This article originally appeared on PETA Prime. It is part of an occasional series exploring questions of consistency and other moral dilemmas facing vegans and animal rights advocates.
What's the best way to win people over to a healthy and compassionate vegan lifestyle?
At one end of the spectrum, there is the militant, confrontational route. This is the in-your-face approach and might very well include a war of words, a heated discussion, or a rage of passion for compassion. While this may be ideal for those with the fortitude of a criminal defense attorney during cross-examination, for most of us, we would do well to remember that a wise person (that would be us!) never argues with a fool because a stranger would not be able to tell the difference.
At the other end of the spectrum, there's the more gentle and nonconfrontational approach. This is when we quietly set an example by how we live our lives as vegans—truly live and let live (for all animals). As subtle as this is, it is powerful. Others do notice that we don't just talk the talk, but actually walk the walk.
So which is the best approach to engaging those who may not yet share the same cruelty-free diet you've chosen to adopt? Well, like so much in life, the answer is probably somewhere in the middle. There may be times when some confrontation is called for and other times when it does more harm than good. It's usually easier to persuade people with polite arguments rather than with heated rhetoric. It's just like that age-old saying: "You can attract more flies with honey agave than with vinegar."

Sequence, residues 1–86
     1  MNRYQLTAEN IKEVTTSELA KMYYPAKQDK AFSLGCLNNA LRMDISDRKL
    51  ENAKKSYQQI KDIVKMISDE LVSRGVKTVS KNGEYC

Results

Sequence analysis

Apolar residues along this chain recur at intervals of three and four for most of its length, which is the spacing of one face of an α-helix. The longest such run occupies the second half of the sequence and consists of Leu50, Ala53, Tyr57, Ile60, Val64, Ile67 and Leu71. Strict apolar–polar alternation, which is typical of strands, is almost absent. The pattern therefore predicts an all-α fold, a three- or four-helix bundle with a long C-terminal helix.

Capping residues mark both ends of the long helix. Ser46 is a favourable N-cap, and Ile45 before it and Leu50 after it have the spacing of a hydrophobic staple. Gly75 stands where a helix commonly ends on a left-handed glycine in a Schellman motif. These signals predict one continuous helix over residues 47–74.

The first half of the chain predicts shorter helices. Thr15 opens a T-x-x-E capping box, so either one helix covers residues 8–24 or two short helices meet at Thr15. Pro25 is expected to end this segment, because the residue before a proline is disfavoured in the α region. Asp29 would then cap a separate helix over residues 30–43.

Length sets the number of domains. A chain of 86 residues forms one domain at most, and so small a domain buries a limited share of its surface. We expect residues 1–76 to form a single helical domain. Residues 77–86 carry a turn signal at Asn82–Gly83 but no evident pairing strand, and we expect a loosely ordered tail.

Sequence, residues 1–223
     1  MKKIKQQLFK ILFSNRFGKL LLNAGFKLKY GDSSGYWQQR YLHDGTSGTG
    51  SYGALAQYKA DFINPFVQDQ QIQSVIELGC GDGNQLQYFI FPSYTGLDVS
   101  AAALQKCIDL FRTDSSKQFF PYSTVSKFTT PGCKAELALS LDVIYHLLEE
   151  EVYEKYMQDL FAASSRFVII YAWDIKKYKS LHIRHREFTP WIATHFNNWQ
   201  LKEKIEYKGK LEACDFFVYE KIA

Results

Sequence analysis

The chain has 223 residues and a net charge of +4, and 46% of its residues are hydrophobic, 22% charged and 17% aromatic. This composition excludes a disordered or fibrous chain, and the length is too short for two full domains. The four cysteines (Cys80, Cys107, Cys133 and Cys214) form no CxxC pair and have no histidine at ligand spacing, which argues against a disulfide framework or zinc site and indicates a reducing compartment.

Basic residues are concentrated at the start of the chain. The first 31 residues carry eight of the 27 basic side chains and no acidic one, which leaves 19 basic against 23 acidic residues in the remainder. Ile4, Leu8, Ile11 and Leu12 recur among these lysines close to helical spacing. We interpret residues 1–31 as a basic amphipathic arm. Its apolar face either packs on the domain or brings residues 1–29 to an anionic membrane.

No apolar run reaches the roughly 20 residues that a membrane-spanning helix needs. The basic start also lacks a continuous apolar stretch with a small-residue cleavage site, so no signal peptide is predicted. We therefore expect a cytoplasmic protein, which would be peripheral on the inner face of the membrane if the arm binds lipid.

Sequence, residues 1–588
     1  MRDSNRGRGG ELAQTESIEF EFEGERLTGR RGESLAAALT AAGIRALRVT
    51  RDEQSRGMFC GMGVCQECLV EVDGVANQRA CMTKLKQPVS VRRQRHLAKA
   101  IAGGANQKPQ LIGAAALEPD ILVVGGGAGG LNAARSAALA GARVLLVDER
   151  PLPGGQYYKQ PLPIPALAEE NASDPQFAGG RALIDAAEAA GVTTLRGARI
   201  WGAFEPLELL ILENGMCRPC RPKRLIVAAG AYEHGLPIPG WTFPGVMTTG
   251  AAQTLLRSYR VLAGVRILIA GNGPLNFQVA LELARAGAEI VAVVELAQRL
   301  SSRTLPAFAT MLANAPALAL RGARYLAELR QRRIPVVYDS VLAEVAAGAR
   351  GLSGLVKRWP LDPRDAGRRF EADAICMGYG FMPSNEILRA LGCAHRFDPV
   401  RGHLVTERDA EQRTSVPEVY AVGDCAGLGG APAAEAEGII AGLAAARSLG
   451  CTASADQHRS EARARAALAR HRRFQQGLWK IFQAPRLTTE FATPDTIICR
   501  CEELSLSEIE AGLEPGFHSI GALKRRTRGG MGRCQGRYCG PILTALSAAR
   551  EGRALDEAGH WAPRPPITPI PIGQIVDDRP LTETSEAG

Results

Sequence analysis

Sometimes we have to push the envelope a bit, especially if someone hits a raw nerve. That happened to me recently with a family member, as told in "The Cake and the Controversy." These situations can become opportunities to have a respectful exchange, to educate, and to do some vegan myth-busting!
As "vegangelists," there is a very fine line between coming off as informed, committed, and compassionate advocate and coming off as a holier-than-thou sanctimonious zealot. Here again, living the ethical example goes a long way. A close friend recently told me how much she respects me for consistently practicing what I preach—respect for all animals.
For those of us who embrace a vegan lifestyle for all the right reasons—for animals, for the environment, and for our own health—the stakes are high indeed. Unfortunately, for the committed carnivore, the steaks are high as well—a high priority—and switching to grains goes against the grain for them!
What's your take on the best approach?
Almost all of us grew up eating meat, wearing leather, and going to circuses and zoos. We never considered the impact of these actions on the animals involved. For whatever reason, you are now asking the question: Why should animals have rights? Read more.